Germany’s approach to China
Germany’s approach to China is influenced by Ostpolitik, particularly among Social Democrats. Willy Brandt’s realist, “anti-ideological” approach to the division of Germany and Europe was based on the idea of “Wandel durch Annäherung”, or “change through rapprochement”, that Egon Bahr had developed in 1963.9 In order to achieve German reunification as the culmination of a long-term process of “small steps”, Bahr sought détente with the Soviet Union through foreign trade and the “weaving” of political, economic and cultural ties between West and East Germany. The Ostpolitik is seen in Germany as one of the Federal Republic’s big foreign-policy successes – a decisive and distinctively West German contribution to the end of the Cold War. The lesson for future policy was that, as Stephen Szabo puts it, “dialogue, diplomacy, mutual trust and multilateralism were the best approaches for dealing with seemingly intractable opponents”.10 At least since Schröder, Germany’s approach to China has been based on the idea that the best way to transform it is through trade – “Wandel durch Handel”, or “change through trade”. The hope is that, as Schröder put it, “economic exchange” would lead to “societal change”.11 Thus Germans, particularly Social Democrats such as Schröder and Frank-Walter Steinmeier, tend to emphasise cooperation instead of confrontation with China.12 Leading German China experts such as Eberhard Sandschneider also emphasise “Einbindung”, or integration, and co-operation instead of confrontation.13 As foreign minister, Steinmeier proposed a Verantwortungsgemeinschaft, or “community of responsibility” – a kind of German version of World Bank President Robert Zoellick’s idea of China as a “responsible stakeholder”. In the context of this approach – what one might call Fernostpolitik – Germany also tends to take a low-key approach to human rights. Although Germany has a bilateral human rights dialogue with China like other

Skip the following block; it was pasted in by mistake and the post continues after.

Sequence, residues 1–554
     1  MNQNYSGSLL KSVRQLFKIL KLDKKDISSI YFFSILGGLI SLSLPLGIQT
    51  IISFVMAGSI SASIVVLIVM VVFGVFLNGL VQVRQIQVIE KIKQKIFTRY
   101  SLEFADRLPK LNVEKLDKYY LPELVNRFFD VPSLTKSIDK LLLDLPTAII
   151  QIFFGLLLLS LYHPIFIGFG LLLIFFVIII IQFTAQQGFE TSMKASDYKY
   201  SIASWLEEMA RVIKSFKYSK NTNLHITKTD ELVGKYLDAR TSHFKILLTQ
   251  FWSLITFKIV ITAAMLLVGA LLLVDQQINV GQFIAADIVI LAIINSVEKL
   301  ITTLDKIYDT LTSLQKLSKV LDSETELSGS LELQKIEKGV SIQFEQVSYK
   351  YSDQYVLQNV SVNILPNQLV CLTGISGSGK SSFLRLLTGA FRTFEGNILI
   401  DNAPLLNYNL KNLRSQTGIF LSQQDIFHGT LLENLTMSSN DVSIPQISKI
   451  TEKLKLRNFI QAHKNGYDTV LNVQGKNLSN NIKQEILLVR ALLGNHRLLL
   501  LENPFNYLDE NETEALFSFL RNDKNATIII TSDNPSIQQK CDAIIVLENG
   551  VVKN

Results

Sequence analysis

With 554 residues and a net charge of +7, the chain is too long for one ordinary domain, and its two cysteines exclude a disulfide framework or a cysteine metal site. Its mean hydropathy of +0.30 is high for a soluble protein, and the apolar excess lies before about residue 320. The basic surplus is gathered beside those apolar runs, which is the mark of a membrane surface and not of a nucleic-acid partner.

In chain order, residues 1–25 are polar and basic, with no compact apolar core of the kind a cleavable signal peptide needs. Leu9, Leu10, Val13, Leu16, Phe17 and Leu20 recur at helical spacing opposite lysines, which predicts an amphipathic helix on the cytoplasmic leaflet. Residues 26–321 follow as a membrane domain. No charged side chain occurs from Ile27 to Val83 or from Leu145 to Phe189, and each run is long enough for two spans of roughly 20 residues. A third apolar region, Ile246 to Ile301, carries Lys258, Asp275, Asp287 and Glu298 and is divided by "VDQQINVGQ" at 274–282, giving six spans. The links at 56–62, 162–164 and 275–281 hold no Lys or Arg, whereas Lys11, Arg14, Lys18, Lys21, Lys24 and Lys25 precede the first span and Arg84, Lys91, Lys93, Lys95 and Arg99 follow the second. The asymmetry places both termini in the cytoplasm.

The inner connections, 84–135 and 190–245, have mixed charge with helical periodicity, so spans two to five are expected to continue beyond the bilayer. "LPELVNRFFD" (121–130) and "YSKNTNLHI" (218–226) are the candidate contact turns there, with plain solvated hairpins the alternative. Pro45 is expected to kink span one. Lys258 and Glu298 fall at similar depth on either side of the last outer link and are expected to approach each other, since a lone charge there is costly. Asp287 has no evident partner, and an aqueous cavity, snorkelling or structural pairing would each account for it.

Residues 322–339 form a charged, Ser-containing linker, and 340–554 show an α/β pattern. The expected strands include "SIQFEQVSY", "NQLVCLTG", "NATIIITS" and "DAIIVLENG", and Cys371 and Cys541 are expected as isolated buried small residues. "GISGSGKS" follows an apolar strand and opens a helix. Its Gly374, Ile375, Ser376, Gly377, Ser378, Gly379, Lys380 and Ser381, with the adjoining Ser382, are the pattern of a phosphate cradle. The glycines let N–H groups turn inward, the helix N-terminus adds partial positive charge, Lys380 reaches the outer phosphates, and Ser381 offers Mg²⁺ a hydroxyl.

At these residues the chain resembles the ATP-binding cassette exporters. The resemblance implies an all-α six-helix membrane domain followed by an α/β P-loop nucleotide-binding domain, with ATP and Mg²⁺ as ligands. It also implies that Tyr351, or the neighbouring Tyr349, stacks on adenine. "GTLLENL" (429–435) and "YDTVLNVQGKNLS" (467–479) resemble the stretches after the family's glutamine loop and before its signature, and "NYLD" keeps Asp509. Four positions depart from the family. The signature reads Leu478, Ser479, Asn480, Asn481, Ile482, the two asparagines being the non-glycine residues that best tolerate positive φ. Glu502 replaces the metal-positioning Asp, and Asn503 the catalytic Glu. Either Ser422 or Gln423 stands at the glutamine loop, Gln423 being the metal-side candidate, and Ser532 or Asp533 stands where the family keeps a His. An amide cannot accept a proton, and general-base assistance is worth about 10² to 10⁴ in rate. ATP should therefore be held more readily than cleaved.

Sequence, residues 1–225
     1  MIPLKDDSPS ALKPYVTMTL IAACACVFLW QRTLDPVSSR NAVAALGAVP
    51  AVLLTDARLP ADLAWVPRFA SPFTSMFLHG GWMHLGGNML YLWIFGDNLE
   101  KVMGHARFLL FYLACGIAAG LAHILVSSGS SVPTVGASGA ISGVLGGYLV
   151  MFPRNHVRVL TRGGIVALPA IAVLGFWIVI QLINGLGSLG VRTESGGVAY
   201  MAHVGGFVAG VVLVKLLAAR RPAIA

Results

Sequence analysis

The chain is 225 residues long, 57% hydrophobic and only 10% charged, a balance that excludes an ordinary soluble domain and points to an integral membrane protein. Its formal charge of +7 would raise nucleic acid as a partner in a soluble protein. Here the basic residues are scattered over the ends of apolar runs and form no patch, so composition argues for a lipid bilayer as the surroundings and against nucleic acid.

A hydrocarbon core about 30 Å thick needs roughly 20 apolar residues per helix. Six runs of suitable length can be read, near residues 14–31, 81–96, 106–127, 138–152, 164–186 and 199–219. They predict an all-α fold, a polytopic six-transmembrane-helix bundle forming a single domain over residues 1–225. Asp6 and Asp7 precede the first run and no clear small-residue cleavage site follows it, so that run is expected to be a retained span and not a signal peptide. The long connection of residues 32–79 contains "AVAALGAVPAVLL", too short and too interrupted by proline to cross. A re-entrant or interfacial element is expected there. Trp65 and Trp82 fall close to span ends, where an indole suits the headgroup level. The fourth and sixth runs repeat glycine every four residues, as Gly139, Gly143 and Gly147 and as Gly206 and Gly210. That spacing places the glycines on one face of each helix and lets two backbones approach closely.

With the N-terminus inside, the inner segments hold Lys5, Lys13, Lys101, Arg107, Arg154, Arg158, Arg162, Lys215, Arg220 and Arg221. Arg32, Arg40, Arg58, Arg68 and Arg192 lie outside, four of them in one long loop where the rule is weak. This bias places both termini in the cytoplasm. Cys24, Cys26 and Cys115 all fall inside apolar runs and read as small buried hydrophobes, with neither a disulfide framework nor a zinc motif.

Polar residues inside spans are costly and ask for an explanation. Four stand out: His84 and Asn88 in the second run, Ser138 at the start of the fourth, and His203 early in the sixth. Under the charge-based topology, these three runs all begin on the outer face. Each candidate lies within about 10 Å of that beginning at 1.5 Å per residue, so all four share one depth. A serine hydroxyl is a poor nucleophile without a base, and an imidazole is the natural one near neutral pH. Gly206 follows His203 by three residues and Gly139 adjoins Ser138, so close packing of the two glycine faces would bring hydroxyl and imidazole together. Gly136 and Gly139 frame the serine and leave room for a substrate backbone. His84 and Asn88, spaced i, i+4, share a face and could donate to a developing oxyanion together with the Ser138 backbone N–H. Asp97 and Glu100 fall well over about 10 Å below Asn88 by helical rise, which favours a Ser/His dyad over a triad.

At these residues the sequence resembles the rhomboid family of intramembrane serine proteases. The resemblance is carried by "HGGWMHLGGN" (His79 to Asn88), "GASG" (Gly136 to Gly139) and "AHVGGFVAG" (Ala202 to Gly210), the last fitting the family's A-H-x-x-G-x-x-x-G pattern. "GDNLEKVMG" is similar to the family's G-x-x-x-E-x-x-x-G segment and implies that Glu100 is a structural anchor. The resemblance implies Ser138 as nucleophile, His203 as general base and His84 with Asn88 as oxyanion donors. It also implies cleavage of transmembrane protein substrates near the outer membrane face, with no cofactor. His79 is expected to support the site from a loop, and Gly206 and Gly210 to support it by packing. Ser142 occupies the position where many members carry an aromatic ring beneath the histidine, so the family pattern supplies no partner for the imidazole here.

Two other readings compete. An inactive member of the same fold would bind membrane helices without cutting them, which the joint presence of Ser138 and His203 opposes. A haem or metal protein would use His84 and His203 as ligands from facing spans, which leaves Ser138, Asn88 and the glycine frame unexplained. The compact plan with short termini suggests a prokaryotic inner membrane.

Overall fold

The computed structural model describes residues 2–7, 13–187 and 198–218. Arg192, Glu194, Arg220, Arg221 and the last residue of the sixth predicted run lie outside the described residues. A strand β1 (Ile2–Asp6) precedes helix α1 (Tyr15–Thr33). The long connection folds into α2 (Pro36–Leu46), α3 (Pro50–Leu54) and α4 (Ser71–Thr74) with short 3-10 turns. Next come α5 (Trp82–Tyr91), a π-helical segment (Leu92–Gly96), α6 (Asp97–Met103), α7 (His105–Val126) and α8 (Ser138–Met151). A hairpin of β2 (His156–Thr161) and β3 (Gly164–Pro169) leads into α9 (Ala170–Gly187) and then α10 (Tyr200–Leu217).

6 Bert Rürup and Dirk Heilmann, Fette Jahre. Warum Deutschland eine glänzende Zukunft hat (Munich: Carl Hanser Verlag, 2012), p. 98 (hereafter, Rürup and Heilmann, Fette Jahre). 7 Goldman Sachs Portfolio Strategy Research, “China: An opportunity and a competitive threat”, 4 May 2011.